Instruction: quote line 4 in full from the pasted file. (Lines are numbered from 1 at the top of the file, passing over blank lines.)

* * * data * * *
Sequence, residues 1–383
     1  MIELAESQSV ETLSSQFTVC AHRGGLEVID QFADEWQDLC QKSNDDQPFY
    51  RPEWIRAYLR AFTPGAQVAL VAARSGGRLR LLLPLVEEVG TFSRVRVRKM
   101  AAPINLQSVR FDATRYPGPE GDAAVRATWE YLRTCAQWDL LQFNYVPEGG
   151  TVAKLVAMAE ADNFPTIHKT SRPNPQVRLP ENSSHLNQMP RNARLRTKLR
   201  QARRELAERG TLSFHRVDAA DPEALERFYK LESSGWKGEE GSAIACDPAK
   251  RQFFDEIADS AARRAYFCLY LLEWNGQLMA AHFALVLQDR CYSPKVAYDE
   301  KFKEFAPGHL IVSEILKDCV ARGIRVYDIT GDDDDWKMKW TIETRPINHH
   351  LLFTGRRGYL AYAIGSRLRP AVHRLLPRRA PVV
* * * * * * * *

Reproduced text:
   101  AAPINLQSVR FDATRYPGPE GDAAVRATWE YLRTCAQWDL LQFNYVPEGG